When we think of holidays, our minds often head straight overseas or to another city away from home. These options are great, but if you do a bit of research and planning, I think you will find all sorts of unique and exciting things to do, right in your back yard.

Have you ever been on a staycation?

Staycation Part 1

As I head out down the driveway I get a few grumpy barks from Frankie. She is not impressed that she is being left behind and is making sure I know it. (I really must find a holiday I can take them on!)

This weekend, Daniel and I decided to celebrate our 11th wedding anniversary with a Staycation. So today, we are off to Wellington city.

Daniel is working till mid afternoon, so I decide to head in early on the train. It’s a rare, still Winter’s day. The water is so flat. Boats peacefully bob up and down in the harbour as a small swell in the water gently laps against the wharf. Seagulls are out squawking, effortlessly gliding through the air. Wellington has put on a great day.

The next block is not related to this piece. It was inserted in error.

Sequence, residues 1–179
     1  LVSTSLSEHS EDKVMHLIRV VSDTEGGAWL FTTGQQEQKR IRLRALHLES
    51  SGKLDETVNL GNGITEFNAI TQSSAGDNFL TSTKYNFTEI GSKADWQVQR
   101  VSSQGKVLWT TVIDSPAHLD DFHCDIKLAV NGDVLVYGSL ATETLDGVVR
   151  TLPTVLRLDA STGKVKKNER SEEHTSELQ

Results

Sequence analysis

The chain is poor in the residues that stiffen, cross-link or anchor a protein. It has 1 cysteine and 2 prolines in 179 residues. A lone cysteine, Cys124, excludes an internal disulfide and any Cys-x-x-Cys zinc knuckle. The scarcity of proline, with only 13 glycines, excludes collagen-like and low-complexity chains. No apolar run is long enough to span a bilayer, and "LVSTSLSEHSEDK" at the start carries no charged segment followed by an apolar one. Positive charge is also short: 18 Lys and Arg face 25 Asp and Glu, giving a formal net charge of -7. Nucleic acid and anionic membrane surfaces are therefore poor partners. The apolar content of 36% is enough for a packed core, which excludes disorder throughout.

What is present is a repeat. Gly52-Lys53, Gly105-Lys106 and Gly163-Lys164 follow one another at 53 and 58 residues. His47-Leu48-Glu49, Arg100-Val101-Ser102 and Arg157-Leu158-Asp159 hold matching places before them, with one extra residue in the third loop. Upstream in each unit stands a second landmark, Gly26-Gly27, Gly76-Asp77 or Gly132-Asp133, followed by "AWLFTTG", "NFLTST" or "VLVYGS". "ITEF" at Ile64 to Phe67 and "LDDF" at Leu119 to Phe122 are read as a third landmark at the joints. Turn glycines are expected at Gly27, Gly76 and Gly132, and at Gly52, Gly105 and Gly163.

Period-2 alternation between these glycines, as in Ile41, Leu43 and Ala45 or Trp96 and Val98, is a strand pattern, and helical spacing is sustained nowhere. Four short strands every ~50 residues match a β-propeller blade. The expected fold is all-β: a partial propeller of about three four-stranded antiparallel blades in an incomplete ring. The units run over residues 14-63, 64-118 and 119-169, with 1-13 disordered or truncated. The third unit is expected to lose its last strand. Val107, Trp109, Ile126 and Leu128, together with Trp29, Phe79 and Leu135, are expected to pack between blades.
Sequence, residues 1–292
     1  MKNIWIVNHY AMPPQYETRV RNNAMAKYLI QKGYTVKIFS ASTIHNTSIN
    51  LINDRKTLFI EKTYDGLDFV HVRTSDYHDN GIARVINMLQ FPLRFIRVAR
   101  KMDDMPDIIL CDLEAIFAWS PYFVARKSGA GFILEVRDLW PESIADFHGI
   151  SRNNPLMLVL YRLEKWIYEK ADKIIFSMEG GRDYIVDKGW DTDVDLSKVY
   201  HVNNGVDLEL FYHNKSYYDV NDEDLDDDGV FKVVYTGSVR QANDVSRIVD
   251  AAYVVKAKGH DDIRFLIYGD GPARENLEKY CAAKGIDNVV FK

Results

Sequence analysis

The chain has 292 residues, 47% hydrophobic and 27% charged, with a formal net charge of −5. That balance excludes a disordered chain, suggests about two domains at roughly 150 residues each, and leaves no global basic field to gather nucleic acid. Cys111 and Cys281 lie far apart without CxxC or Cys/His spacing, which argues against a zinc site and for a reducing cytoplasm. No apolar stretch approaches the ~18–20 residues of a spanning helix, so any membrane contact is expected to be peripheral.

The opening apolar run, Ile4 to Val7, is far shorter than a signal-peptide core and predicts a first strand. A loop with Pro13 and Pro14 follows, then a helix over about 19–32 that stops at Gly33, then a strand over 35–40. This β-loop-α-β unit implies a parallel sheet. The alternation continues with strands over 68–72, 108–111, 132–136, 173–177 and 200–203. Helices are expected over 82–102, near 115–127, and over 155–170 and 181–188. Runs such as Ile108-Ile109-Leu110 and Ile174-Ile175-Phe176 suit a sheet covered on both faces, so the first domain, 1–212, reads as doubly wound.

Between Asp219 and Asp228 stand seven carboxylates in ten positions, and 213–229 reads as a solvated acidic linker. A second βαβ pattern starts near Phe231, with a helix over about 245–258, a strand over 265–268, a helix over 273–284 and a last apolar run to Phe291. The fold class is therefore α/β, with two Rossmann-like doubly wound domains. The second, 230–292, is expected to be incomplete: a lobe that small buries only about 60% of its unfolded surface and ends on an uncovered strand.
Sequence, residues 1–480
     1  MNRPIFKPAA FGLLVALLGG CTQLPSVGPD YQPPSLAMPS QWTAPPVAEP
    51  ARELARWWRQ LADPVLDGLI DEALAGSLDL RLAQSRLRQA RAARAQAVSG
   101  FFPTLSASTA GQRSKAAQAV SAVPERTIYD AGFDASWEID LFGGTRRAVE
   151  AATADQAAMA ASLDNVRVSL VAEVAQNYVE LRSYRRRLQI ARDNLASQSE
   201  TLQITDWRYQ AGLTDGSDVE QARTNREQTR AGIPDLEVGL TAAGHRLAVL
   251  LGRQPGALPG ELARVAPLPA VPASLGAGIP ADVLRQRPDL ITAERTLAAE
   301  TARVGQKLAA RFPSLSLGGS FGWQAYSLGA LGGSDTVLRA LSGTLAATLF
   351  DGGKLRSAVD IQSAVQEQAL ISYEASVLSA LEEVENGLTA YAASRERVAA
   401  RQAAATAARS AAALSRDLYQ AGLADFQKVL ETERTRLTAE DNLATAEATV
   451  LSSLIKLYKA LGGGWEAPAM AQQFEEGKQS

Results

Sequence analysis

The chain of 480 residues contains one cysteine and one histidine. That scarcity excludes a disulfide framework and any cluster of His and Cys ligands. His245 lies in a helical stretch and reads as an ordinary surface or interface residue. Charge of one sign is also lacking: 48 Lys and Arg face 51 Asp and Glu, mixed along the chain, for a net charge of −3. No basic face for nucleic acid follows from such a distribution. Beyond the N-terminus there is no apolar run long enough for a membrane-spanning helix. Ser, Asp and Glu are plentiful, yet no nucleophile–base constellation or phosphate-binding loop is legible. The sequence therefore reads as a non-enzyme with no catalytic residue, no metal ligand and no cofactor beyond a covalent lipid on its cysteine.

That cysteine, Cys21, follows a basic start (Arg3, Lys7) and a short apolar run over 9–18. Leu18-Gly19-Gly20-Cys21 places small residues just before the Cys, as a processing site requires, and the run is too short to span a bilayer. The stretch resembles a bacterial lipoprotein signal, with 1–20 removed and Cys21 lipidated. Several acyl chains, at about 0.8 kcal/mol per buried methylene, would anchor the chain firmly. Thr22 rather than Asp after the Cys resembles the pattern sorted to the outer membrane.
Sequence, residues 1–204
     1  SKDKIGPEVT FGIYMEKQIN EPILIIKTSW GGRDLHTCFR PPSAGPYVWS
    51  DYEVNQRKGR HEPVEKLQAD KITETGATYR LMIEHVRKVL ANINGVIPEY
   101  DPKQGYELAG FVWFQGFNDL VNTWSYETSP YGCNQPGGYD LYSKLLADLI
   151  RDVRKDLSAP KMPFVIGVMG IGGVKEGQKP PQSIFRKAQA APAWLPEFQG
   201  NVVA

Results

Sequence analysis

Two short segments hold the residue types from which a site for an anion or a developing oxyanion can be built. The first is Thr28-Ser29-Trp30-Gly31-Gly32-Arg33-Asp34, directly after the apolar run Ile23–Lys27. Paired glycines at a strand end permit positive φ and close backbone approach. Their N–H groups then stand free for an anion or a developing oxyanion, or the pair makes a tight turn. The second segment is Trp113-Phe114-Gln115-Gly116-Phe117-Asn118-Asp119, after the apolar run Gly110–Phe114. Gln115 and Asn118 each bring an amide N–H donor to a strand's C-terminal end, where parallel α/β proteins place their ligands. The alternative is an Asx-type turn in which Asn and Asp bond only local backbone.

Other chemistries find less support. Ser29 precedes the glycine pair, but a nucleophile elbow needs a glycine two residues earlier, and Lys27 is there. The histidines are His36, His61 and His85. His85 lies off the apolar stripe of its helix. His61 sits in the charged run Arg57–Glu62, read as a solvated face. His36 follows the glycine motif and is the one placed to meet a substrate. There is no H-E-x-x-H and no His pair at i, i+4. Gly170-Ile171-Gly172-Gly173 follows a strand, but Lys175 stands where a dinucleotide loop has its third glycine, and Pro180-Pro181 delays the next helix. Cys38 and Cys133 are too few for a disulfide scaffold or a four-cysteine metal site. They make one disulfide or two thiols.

Wellingtonians are out enjoying a drink at the many waterfront bars and restaurants. It’s the perfect place to soak up the last of the afternoon sun. The waterfront is a picturesque place enjoyed by many. People are out walking or running, on scooters and bicycles, having a chat in the sun and walking their dogs.

As I stroll by Kaffee Eis , I can’t help but call in for an ice cream. When I lived in Wellington CBD many years ago, I probably enjoyed this far too much, but it has been a long time since I have had one and my feet lead me straight up to the queue. It looks like a lot of other people have had the same idea. When I get to the counter, more than half the flavours have sold out. There is a passionfruit one though and that suits me just fine.

I enjoy the sweet creaminess of my gelato looking out across the harbour while listening to a busker. Sunshine, ice cream, music, views. A simple pleasure and time well spent.

I check in at QT Hotel. I love this place. Every wall and corner is filled with art. Sculptures, paintings, fashion, even a motorbike. It’s quirky and exciting. I take my time heading to our room, taking in all the colour and forms.

After a bit of a nap and soak in the bath (It’s a staycation after all, it’s meant to be relaxing) we head down to dinner at the hotel’s restaurant, The Hippopotamus.